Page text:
This literature review shows that various conservative and surgical methods of treatment are currently used for the treatment of flexion contractures of the knee in children with arthrogryposis, but their degree of efficacy is not high enough. In recent years, temporary hemiepiphysiodesis on the anterior surface of the knee joint has been considered as the advanced method and is mainly used in mild degrees of flexion contracture. Arthrolysis of the knee joint with the use of external fixation devices is primarily used for moderate and severe degrees of flexion contractures. However, there is a lack of a unified approach in determining age indications and the choice of the most appropriate methods of conservative and surgical treatment according to the severity of flexion knee joint contractures.

Funding information and conflicts of interest

The work was performed with the support of Turner Scientific and Research Institute for Children’s Orthopedics. The authors declare no potential conflicts of interest related to the publication of this article.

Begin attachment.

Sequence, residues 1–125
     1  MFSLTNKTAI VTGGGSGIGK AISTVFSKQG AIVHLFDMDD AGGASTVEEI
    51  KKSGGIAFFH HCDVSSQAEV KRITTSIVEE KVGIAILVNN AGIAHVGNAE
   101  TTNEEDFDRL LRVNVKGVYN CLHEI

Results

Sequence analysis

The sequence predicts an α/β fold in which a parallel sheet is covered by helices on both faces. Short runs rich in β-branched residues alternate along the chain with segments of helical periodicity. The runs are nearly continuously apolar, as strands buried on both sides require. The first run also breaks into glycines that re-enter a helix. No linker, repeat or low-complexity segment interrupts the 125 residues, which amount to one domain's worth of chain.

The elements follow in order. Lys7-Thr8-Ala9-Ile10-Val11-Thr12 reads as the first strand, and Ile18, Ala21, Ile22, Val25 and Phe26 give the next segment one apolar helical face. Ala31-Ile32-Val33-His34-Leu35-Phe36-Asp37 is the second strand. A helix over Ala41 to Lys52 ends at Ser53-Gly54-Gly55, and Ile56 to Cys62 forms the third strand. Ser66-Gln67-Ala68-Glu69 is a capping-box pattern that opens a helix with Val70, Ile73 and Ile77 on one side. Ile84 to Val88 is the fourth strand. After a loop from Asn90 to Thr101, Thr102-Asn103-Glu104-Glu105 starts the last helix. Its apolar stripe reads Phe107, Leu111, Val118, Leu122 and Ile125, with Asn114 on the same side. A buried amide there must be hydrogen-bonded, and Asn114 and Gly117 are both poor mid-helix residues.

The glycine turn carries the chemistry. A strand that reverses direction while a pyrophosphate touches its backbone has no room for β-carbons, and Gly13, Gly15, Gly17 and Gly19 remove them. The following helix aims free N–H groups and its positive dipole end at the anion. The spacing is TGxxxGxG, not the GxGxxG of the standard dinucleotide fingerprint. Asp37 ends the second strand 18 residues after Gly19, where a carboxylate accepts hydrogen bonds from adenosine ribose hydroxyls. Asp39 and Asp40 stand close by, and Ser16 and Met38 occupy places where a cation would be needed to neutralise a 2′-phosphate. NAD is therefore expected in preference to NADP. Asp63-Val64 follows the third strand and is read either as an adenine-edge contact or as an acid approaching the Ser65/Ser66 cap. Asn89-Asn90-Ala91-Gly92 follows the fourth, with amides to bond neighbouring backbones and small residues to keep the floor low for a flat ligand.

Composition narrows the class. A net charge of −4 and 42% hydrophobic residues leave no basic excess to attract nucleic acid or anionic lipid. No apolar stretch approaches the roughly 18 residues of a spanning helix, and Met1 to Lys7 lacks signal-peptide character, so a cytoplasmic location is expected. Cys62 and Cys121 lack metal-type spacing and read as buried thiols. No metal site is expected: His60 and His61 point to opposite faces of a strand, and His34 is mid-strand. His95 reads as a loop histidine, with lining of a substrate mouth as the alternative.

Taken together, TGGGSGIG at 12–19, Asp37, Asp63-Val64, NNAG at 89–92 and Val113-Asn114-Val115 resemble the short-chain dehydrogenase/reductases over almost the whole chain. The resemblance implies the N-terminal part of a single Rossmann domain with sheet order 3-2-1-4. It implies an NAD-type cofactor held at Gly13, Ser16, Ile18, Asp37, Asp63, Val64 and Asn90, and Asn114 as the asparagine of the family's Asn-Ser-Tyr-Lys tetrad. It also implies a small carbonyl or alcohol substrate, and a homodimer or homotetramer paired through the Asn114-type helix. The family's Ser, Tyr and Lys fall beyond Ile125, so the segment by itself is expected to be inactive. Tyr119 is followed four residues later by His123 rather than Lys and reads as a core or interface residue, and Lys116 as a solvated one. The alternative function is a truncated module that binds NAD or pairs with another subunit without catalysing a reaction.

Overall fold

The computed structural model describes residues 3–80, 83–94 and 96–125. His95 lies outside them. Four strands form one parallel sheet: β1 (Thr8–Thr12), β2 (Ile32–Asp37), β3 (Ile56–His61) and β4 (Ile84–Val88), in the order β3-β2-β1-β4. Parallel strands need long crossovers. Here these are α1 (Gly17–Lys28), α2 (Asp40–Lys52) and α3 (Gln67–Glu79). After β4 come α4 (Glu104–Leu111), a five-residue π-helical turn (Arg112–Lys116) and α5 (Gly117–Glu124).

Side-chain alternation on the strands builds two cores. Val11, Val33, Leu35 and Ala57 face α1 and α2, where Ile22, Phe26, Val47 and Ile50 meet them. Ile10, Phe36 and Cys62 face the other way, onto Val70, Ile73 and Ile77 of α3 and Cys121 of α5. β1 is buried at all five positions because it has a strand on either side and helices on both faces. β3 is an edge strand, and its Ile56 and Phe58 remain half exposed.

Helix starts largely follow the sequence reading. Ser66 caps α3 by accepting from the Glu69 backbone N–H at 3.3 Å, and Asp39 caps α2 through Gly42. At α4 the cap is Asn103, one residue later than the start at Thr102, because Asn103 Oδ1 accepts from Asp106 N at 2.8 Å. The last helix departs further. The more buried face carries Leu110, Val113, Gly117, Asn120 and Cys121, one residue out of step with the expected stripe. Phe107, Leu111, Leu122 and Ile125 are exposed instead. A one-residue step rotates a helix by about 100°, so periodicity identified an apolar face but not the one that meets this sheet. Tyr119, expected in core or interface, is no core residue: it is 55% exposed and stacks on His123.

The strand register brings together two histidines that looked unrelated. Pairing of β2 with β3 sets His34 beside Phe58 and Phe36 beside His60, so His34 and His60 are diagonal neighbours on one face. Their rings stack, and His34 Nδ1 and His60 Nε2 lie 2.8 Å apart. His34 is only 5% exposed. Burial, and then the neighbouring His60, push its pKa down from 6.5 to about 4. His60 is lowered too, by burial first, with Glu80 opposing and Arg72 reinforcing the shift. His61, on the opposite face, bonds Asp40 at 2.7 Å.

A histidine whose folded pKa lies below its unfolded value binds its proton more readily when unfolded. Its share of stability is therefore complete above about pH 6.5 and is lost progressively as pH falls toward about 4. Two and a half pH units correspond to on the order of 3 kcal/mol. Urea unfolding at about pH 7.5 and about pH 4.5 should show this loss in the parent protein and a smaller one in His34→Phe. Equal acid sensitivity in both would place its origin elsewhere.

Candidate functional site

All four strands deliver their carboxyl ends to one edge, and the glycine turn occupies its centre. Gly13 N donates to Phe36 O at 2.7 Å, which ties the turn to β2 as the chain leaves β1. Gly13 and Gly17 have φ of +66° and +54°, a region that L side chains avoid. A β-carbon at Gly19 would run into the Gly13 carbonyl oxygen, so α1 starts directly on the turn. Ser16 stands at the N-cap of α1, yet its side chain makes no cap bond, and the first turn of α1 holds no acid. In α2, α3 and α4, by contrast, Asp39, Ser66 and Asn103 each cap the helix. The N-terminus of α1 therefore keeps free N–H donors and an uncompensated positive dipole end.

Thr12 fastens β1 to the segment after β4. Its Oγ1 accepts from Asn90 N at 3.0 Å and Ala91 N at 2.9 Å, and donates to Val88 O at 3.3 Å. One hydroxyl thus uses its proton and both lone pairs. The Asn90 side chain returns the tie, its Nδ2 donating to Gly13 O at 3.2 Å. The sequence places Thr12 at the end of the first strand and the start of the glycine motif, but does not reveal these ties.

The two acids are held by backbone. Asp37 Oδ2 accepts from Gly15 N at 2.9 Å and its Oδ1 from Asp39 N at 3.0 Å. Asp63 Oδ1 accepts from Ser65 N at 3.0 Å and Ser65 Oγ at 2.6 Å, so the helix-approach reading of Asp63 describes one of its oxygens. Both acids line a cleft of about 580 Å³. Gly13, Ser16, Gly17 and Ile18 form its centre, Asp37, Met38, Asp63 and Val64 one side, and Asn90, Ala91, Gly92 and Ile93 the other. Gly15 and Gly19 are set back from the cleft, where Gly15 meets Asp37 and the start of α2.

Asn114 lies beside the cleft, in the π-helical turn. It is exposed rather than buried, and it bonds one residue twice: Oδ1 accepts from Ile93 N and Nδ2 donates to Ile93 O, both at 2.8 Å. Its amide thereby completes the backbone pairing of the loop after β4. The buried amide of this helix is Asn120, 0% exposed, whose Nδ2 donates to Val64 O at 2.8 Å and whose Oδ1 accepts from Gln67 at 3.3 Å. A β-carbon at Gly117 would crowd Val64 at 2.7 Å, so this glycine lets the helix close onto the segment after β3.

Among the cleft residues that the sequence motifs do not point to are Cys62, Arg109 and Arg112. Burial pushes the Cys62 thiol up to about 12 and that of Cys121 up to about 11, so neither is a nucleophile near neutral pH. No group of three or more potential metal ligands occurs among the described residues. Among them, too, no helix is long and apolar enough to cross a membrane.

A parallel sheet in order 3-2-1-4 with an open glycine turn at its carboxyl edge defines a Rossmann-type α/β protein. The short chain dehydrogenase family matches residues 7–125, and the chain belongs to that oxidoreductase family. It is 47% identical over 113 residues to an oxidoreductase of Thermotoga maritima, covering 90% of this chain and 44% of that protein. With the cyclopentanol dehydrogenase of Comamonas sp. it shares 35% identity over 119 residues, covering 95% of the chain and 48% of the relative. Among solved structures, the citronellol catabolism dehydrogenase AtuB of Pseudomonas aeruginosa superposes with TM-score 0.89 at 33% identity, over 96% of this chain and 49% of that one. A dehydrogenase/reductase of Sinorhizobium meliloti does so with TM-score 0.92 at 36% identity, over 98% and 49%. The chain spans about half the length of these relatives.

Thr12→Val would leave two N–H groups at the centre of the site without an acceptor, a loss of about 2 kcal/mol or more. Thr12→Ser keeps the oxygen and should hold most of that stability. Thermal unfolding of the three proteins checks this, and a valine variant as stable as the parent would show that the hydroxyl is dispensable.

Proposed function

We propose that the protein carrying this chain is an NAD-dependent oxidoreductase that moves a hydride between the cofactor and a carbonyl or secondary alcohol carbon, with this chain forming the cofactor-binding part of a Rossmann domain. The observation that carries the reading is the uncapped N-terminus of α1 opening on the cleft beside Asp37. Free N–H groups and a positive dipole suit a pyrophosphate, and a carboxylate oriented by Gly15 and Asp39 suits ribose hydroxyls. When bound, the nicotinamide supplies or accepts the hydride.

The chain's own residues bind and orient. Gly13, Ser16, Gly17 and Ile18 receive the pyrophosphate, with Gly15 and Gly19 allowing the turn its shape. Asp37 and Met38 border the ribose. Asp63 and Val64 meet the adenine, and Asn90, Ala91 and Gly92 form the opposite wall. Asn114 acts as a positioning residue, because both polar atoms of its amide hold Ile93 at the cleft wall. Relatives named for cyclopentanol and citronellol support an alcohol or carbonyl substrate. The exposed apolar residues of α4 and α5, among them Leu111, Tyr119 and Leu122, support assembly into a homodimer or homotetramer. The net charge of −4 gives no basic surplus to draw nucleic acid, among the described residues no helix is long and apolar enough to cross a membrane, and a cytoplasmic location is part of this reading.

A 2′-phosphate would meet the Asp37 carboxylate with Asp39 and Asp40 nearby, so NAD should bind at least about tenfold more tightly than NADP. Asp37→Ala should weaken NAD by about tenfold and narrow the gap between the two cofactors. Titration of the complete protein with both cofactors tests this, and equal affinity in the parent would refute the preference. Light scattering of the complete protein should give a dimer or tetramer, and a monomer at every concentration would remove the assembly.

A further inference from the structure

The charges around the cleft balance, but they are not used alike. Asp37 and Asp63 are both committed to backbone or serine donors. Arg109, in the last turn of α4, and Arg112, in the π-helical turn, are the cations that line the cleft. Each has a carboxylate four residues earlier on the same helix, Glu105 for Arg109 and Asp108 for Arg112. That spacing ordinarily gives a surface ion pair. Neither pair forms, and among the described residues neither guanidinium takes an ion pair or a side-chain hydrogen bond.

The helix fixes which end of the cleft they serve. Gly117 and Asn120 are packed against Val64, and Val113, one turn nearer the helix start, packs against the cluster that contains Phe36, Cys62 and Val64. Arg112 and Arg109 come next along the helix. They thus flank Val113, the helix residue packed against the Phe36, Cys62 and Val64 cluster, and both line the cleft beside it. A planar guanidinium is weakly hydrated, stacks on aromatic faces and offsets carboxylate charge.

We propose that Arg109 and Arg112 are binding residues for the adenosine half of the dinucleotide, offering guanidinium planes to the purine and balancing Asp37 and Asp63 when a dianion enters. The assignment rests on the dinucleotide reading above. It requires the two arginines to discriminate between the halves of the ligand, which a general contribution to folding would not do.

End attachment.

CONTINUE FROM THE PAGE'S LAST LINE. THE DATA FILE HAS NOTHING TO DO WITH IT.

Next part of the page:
Svetlana A Mulevanova

The Turner Scientific and Research Institute for Children’s Orthopedics

Author for correspondence.

Russian Federation MD, PhD student of the department of arthrogryposis. The Turner Scientific and Research Institute for Children’s Orthopedics.

Olga E Agranovich

The Turner Scientific and Research Institute for Children’s Orthopedics


Russian Federation MD, PhD, professor, head of the department of arthrogryposis.The Turner Scientific and Research Institute for Children’s Orthopedics.